The state and the company purchasing FairPoint Communications have signed a Memorandum of Understanding (MOU) that helps clear the way for approval of the sale. The Department of Public Service says Illinois-based Consolidated Communications agreed to nearly all of the state’s requests.
Key among them is a three-year commitment by the company to reinvest an average of at least 14 percent of its regulated and unregulated business in Vermont, including telephone, internet and wholesale revenue in its statewide system.
“After our investigations and after our analysis, our experts determined that this is the appropriate amount for the company to reinvest in the network,” says Clay Purvis, director of the telecommunications and connectivity division at the department.
Purvis says the department had asked that should Consolidated Communications fail to reinvest the full 14 percent in the Vermont system, any shortfall would be deducted from shareholder dividends.
Instead, Consolidated Communications agreed to spend an additional $1 million annually on service quality improvements and work with the state to determine how the money will be used. The additional money is separate from the 14 percent reinvestment.
Purvis says investigations by the Public Service Board into service issues and E-911 outages under FairPoint will not be affected by the sale.
Regulators in New Hampshire and Maine have already approved the sale. In New Hampshire, Consolidated Communications agreed to reinvest 13 percent of its state revenues into system improvements.
The Maine agreement calls for an annual reinvestment of $17.4 million for three years.
Purvis could not say how much money the 14 percent reinvestment would yield in Vermont, because confidentiality agreements prevent him from sharing unregulated revenue figures.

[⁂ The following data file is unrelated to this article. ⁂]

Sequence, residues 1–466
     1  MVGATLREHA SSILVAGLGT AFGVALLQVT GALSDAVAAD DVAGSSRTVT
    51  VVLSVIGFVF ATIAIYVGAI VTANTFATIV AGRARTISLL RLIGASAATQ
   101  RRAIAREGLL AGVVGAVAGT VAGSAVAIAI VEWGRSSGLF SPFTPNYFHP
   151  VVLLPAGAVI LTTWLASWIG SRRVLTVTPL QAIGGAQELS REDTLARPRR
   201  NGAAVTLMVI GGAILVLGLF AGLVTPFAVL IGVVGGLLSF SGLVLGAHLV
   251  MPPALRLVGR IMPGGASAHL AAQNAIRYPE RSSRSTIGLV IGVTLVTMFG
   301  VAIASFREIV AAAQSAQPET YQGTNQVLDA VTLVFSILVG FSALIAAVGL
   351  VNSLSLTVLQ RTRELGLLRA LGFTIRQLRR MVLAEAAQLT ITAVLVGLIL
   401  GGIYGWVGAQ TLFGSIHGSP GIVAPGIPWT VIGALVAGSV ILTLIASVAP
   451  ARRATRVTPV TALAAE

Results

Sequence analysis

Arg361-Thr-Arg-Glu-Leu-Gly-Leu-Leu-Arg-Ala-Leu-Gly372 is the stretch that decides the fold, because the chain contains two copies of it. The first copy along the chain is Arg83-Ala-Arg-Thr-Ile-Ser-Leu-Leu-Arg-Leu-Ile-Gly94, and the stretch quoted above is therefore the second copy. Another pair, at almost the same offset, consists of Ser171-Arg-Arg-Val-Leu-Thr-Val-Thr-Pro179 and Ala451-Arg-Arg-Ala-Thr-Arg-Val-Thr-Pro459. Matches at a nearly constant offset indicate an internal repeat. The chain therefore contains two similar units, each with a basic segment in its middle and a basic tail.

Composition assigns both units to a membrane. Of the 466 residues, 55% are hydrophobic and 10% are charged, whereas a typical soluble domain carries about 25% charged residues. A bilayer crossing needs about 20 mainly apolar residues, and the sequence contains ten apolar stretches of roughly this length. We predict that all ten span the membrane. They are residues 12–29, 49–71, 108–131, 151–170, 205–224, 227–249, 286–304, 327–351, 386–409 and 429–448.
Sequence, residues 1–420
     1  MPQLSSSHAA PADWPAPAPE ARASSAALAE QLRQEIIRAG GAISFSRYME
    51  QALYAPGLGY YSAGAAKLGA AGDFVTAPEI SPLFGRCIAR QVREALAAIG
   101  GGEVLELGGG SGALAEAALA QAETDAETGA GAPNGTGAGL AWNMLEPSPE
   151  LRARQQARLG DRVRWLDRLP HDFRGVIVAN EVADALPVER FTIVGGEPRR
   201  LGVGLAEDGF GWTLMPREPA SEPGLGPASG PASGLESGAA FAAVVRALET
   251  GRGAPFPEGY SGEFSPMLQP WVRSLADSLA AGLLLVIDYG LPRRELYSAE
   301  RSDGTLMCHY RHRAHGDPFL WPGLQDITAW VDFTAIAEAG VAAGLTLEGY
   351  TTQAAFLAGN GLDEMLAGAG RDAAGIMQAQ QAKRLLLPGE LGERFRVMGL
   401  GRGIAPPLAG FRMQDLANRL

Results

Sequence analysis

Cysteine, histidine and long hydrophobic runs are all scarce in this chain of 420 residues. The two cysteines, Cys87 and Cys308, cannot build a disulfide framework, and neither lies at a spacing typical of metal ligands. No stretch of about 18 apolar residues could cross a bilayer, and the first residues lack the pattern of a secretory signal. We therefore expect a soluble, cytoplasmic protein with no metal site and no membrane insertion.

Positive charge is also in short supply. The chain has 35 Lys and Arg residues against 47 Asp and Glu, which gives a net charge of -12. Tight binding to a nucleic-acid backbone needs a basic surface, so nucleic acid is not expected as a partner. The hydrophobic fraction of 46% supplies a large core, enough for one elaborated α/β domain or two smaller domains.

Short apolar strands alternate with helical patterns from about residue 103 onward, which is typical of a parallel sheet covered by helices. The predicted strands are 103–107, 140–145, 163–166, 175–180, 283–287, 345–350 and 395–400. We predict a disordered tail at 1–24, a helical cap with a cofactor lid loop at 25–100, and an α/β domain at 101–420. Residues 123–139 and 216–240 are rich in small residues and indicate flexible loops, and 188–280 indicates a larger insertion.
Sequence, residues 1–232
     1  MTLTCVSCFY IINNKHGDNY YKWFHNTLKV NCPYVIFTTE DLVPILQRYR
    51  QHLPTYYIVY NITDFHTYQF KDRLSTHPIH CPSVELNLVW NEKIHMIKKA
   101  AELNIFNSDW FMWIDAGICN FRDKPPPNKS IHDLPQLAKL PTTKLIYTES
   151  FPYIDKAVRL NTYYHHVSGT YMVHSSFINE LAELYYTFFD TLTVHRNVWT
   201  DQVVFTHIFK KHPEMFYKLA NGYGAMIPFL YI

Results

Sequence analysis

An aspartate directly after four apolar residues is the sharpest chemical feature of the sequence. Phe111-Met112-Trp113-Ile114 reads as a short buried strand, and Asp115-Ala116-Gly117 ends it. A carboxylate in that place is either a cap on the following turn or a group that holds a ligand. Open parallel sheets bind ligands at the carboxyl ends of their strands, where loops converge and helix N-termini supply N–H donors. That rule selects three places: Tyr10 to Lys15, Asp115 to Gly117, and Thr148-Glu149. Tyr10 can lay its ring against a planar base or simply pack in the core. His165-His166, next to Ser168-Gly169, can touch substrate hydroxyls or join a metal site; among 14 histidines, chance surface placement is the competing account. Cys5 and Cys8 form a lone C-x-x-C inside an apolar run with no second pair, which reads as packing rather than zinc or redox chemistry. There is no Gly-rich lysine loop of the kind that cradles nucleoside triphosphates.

FairPoint’s regulated gross operating revenue, which includes the company’s telephone business, was just under $128 million in 2016.
“I think our settlement is very much in line with what the other states are doing,” he says.
Purvis says in the short-term Consolidated Communications will continue to operate FairPoint’s billing and customer service systems while it determines how to transition to its own network. In 2008, when FairPoint took over the network from Verizon, there were serious problems with the transition.
The MOU has been submitted to the Public Service Board for its approval.
Unions representing FairPoint workers in Vermont have raised concerns that Consolidated Communications has not provided enough information about planned improvements or changes to staffing levels which they say could negatively affect service quality.
“This deal falls way short on details,” said Mike Spillane of Local 2326 of the International Brotherhood of Electrical Workers in an email to members. “We are not happy with it. The Union presented a case and gave examples for the State to use, and it was ignored.”
Union representatives are concerned about “synergies” Consolidated Communications says it plans to undertake to reduce expenses, which they fear will reduce the number of Vermont employees.
Unlike FairPoint, Consolidated Communications will not have high-level or senior management personnel based in Vermont. Instead, under the agreement, the company will have “senior regulatory staff, with decision-making authority” in Vermont.